While 11-year-old children may be too young to hold down a steady after-school job, that doesn't mean that they can't make a little money in their spare time. Help your child develop a strong work ethic and learn the value of money by encouraging an entrepreneurial spirit. With a little creativity, you can come up with an alternative to the traditional lemonade stand.
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Work at Home
One of the first jobs that most kids take on is helping out at home. Give your child a list of things that should be done each week. This may include tasks like vacuuming, washing windows, helping with dinner or watching younger siblings. Decide on a fair amount of pay based on the type of work performed and age of your child. Avoid paying them for those duties that are expected of a child their age, such as keeping the bedroom clean or folding laundry. As your child gets older and wants more spending money, increase the allowance each week as well as the amount of work expected.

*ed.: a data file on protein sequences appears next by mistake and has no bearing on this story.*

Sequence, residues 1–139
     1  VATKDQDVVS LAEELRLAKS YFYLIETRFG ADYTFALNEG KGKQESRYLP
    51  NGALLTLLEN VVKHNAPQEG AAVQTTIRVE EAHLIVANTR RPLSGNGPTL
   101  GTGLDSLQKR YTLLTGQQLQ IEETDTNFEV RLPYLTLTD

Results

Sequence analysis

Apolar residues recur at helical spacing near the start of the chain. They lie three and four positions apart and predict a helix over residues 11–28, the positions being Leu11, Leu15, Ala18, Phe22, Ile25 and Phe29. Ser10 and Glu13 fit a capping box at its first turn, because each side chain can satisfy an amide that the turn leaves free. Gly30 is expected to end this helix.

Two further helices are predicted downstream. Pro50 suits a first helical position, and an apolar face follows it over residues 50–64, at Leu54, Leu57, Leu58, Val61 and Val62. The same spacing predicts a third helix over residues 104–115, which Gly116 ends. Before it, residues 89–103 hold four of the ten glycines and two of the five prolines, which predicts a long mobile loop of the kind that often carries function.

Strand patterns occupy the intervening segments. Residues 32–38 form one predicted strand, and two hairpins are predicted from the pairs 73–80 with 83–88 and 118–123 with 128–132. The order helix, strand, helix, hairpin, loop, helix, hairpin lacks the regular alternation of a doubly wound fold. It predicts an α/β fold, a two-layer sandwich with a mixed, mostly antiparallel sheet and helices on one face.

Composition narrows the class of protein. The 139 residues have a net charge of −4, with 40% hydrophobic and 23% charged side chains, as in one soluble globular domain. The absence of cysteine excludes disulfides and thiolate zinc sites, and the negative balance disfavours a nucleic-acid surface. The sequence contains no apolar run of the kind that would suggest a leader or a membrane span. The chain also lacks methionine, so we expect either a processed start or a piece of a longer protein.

Work for the Neighbors
If you have older neighbours who live alone or have a hard time getting around, your 11-year-old could offer to clean their house or rake leaves. Neighbours heading off on vacation may be interested in hiring your child to water plants or walk a dog while they are away. Keep your ears open for such opportunities and encourage your child to do a good job for repeat business.
Job opportunities are limited only by your 11-year-old's creativity and interests. Parents should determine what their children enjoy and do well. If they tinker with bikes, they could buy old or broken bikes, fix them up and resell them. If they enjoy pets, they could start a pet walking service. Other options include: washing cars, teaching a skill like swimming, wrapping gifts, shovelling snow, making birthday or get well cards, delivering papers, cleaning houses or tutoring younger children. Encourage your 11-year-old to be creative in how to earn money.
Use your best judgment when it comes to jobs that you allow your 11-year-old to seek out or accept. Eleven may be too young for big responsibilities like watching young children without an adult around or operating a lawnmower. Encourage your child to find work, but make sure he doesn't take on more than he can handle.
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